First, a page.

Microsoft also seems to be making a trend about "We care about your data privacy."
Ultimately, that will help all users, and in the long run, even app developers as trust increases.
Key to that notion of expression is that the signal sent MUST reflect the user's preference, not the choice of some vendor, institution, site, or network-imposed mechanism outside the user's control; this applies equally to both the general preference and exceptions. The basic principle is that a tracking preference expression is only transmitted when it reflects a deliberate choice by the user. In the absence of user choice, there is no tracking preference expressed.
By automatically setting DNT when a user hits express, they have not specifically indicated they do not wish to be tracked, therefore making the setting on IE meaningless, so companies will not honor the header. IE10 does not even expicitly tell you they're turning on the setting, they just do it for you when you hit "Recommended privacy settings" which is highlighted by a large green checkmark icon.
Just look at the disparity: http://www.futureofprivacy.org/2013/12/18/tracking-do-not-tr... Compared to users on browsers that do not push DNT like IE does, only about 7% of users enable the feature, tops. Then 10x as much users have it enabled on IE10, the browser typically used by the not-so tech savvy.
Unfortunately when the browser with one of the highest market shares does this, nobody tends to take do not track very seriously, especially tracking and advertising companies who will lose their competitive edge if they choose to not track half of their userbase. It doesn't matter what Microsoft's intentions were, but the end result is they made a mockery of the standard.
EDIT: fyi, several analytical and tracking software suites such as piwik automatically disregard the DNT setting on only IE10+, while respecting the ones on other browsers. This ironically makes IE the less privacy conscious browser.
Similarly, by ignoring DNT Google and Co. just ensure that more people block their trackers and ads entirely.
Then again, even before that DNT as an idea was dead – very few advertisers even signaled they were interested in user privacy.
With the recent android updates to reduce importance of application permissions already has me urked, and I'm not a big fan of google now nagging me to enable search history. I'm considering to install a more privacy conscious ROM or put firefox OS soon on my phone.
I'd love to have some anchor links within the piece though, so when I'm referring my team to some of the changes, I can direct them right to the relevant information.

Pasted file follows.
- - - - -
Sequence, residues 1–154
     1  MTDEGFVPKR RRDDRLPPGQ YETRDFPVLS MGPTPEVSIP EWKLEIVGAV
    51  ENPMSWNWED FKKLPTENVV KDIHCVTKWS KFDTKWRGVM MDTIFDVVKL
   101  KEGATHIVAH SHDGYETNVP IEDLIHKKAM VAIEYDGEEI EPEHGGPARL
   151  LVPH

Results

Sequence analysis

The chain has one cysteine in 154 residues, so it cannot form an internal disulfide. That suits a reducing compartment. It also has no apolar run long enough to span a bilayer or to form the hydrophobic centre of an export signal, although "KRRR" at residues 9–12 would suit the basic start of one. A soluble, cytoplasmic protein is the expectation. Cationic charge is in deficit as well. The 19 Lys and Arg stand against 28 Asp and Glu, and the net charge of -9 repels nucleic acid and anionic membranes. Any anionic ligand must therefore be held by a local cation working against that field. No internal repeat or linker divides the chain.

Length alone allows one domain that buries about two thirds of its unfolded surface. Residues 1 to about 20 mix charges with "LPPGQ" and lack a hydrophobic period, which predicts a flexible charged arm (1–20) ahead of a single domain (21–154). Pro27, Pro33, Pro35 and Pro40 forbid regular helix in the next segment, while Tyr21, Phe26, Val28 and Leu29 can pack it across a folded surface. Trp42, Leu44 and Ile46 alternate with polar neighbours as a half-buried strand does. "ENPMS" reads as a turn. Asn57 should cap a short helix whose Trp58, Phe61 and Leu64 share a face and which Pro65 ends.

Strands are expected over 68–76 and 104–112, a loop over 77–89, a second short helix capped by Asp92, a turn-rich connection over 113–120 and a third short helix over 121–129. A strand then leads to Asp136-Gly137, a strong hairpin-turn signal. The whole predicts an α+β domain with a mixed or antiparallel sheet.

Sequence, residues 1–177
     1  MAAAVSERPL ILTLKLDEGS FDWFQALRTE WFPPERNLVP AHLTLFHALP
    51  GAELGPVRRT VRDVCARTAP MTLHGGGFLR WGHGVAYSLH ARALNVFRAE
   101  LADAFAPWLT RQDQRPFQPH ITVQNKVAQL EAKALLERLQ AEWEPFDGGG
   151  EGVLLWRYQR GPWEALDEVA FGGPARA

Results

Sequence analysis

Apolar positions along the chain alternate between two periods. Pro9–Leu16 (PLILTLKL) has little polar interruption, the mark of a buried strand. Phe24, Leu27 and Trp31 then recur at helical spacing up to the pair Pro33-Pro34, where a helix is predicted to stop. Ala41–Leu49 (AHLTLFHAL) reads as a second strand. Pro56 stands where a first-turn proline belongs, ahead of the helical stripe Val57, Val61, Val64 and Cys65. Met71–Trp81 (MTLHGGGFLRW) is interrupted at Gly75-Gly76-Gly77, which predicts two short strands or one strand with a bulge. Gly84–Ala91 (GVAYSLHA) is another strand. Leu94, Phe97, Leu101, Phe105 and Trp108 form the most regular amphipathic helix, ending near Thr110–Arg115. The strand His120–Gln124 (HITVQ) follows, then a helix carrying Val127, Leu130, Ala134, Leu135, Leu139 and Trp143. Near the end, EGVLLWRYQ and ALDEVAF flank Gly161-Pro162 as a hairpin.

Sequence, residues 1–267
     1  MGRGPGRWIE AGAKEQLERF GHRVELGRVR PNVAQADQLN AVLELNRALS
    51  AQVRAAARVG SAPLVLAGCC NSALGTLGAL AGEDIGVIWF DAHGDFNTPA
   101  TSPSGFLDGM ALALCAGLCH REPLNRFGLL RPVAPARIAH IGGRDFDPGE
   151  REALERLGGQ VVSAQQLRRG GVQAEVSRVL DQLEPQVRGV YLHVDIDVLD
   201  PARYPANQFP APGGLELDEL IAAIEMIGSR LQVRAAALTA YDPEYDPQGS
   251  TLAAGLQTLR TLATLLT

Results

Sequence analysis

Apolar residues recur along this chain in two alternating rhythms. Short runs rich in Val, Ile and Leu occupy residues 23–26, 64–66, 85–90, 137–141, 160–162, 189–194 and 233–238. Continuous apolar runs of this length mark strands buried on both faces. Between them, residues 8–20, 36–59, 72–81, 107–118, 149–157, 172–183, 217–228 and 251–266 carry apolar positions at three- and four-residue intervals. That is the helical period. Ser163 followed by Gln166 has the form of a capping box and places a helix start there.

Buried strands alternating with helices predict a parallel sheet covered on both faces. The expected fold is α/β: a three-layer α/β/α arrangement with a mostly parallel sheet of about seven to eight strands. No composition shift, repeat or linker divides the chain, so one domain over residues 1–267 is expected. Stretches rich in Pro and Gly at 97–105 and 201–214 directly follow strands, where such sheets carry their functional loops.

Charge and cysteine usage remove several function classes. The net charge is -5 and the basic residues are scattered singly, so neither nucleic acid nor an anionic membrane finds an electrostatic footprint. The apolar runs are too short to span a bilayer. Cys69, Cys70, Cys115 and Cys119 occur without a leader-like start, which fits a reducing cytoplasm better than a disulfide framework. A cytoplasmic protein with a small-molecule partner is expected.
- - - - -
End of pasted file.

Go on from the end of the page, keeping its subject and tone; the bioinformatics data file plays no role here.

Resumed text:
One that stands out that I think will cause plenty of issues is the "Block Cookies not from Current Website". This should basically block all tracking, like, +1 etc... buttons, right?
I think it will even impact the SSO that Google has across its properties.
that is still good, however I would prefer if it did allow you to block all cookies that aren't from the current website.
Trezor (http://www.bitcointrezor.com/) and other dedicated wallets are a decent stopgap, but I'd really like to let my phone do everything, if it can be done securely, which I think it can with the right hardware (of course auditing hardware is a lot more difficult)
Hal Finney has done some good work here, applying TPMs to Bitcoin: https://bitcointalk.org/index.php?topic=154290.0
All that said, I think Apple is making the right choice by favoring privacy and security even if it's at the expense of a completely frictionless user experience.
It might be that the fuzzy edges of Apples approval system can be beneficial if some good judgement is used.
I agree with you that I doubt many people have any idea that stuff is there.
For example, how many of the top apps that explicitly allow kids, violate some or all of the COPPA standards?
Clash of Clans is just one example, ages 9+, but allows custom usernames and p2p chat with very little filters. Those social features are key to long term engagement, even of 9 year olds.
Currently I have the Gmail app installed on our family iPad. My Google account details are therefore stored in the keychain.
If I use the Google Maps app, it PERSISTENTLY asks the user to sign in (using my account already in the keychain). My wife doesn't want her location searches saved to my account, nor those of my kids.